Sunday, April 7, 2013

Part 38 - Mojave, I Can See You

There was no one up and moving when I walked past the horse corral and slipped out the gate of Saufley’s horse property and Hiker Heaven.  It was 5:00 a.m. and I was determined to get as far as possible into the hills beyond Agua Dulce before the sun came up.  The actual trailhead was several miles from Hiker Heaven, and when a car slowed down and stopped beside me and the female driver asked me if I’d like a ride to the trailhead, I accepted her offer. 

 I don’t like surprises, and knowing that the trail might be a little hard to find in the dark, I checked for the exact location yesterday while I was riding my loaner bicycle.  It’s good I did, because after following a paved road for a couple of miles, it veered off into a residential/business section of the city and continued on dirt roads. 

It’s probably just a personal quirk with me, but I will go to great lengths to avoid surprises and to acquaint myself with my surroundings before I commit myself to a new itinerary.
By midmorning, I was up into the mountains above Agua Dulce.  My next resupply was in the town of Mojave at the Motel 6, 112 miles to the north.  Of these 112 miles, approximately sixty-three miles would be hiking west along the mountain ridgetops of Sawmill Mountain, with the remaining fifty-nine miles trekking north across the Mojave Desert.   

An interesting note from the Southern California PCT guidebook says that originally, when this section of the PCT was laid out, it was to have continued along the ridgetops of the Liebre Mountains that overlooked the Mojave Desert and then connect with the southern end of the Tehachapi Mountains beyond the town of Mojave. 

However, the fly in the ointment was the large Tejon Ranch that sat astride the Liebre Mountains, and from whom permission was not obtained to run the trail across their private land holdings.  That’s why the mountain trail crosses sixty miles of the arid, waterless Mojave Desert. (Schaffer

I’m not at all displeased that the trail didn’t continue across the mountaintops; this was a journey of experiences and not experiencing the harsh realities and extreme weather conditions of the arid desert would have shortchanged the overall Pacific Crest Trail journey.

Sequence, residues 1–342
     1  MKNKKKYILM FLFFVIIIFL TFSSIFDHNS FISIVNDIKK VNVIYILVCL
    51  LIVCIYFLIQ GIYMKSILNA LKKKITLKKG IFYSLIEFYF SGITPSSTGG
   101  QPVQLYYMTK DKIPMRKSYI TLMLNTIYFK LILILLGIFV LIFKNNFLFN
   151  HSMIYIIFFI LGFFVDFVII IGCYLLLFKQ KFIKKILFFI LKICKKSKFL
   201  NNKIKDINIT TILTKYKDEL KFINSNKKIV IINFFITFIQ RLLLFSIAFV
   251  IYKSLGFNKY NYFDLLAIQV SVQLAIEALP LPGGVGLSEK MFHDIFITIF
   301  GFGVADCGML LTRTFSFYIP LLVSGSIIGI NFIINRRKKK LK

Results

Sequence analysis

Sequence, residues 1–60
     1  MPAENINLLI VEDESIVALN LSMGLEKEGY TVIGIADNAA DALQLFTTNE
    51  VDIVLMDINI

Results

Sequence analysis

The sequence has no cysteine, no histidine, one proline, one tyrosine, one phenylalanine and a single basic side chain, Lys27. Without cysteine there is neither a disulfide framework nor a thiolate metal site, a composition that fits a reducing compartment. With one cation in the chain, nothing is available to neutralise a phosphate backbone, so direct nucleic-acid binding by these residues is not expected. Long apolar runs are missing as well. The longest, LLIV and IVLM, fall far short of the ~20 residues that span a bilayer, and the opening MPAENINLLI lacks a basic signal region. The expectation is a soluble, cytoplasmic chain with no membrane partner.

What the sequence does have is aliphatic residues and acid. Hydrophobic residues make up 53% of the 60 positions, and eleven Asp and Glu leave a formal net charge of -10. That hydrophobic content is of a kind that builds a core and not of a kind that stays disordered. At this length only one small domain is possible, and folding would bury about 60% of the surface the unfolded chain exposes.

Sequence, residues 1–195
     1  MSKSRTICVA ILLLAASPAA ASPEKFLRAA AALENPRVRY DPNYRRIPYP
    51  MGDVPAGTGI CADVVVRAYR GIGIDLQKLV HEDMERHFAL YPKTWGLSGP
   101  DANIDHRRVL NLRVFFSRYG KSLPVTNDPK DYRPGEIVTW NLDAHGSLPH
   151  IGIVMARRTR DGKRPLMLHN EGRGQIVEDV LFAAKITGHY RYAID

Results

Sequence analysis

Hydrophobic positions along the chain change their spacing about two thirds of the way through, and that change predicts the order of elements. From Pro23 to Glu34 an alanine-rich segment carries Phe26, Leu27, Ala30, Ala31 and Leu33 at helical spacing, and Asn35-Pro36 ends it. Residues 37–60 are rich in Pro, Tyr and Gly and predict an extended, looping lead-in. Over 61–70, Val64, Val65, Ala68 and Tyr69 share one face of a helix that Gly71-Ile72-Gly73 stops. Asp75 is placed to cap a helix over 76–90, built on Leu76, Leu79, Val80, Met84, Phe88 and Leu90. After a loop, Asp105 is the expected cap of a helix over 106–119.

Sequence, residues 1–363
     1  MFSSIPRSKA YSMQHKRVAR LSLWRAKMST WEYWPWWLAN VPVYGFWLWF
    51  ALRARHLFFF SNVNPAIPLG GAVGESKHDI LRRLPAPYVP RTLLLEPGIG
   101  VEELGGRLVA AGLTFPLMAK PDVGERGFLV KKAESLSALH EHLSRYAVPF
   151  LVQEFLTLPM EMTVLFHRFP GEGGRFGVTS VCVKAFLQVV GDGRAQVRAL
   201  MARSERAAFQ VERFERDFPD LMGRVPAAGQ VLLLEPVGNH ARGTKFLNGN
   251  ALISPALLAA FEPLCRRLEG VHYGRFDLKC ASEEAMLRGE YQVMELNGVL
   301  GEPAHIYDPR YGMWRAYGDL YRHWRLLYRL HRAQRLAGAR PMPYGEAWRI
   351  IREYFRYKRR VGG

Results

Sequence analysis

After a day’s hiking, I camped in the trees next to the paved San Francisquito Canyon Road.  A few yards to the west of my campsite was the Green Valley Fire Station, and after dinner, I walked to the fire station to obtain five liters of water for tomorrow’s hike.  Farther down the road, was Casa de Luna in Green Valley, the trail angel home of Terrie and Joe Anderson.  They have all the amenities for helping trail hikers, and their reputation as a party on rest stop makes for a mandatory visit for many trekkers.  Having just cleaned up at the Saufly’s the day before, I didn’t feel the need to visit their home. 

The next few days were a nonstop descent out of the Angeles National Forest to Antelope Valley and the Mojave Desert.  I would pass spur roads and trails that led to reservoirs and lakes, but most of all, it was trekking along the ridgetops of Sawmill and Liebre Mountains, always in a westerly direction as the trail skirted around the far western end of Antelope Valley/Mojave Desert.  

Some miles the tread passed through stands of Coulter pines and interior black oaks, while other miles darted in and out of dry washes and rocky gulches covered with chaparral.  As the trail continued to drop in elevation, sagebrush became the dominant ground cover.  Water was sparse, but several springs had been developed that proved sufficient for the needs of the hikers.  Whenever I came to a water source, I forced myself to drink as much as possible, and then filled all my containers, even if it meant carrying more water than needed to get to the next spring. 

 I preferred to carry the weight of the water, knowing that I had enough, rather than risk running short or having to ration what I had until reaching the next water source.  On the evening of the third day, I camped just above the paved Pine Canyon Road, at a water cache maintained by the good people at Hiker Town, a trail angel gathering place about ten miles up the trail. 

Some unknown trail angel set up this rest area along the trail, complete with camp chairs, and drinks.

This is still the desert, and the trail continues to wind its way through the Chaparral ground cover.

This is a BLM fire tank. Water can be accessed by removing the metal lid and lowering a plastic bucket into the water below.

Progress continues to be made along the trail. 

Every now and then, the trail would meander through a growth of trees.

I've come down out of the Angeles National Forest, and am now camped on the edge of the great Mojave Desert. Tomorrow, I will begin a two day trek across this vast expanse.

No comments:

Post a Comment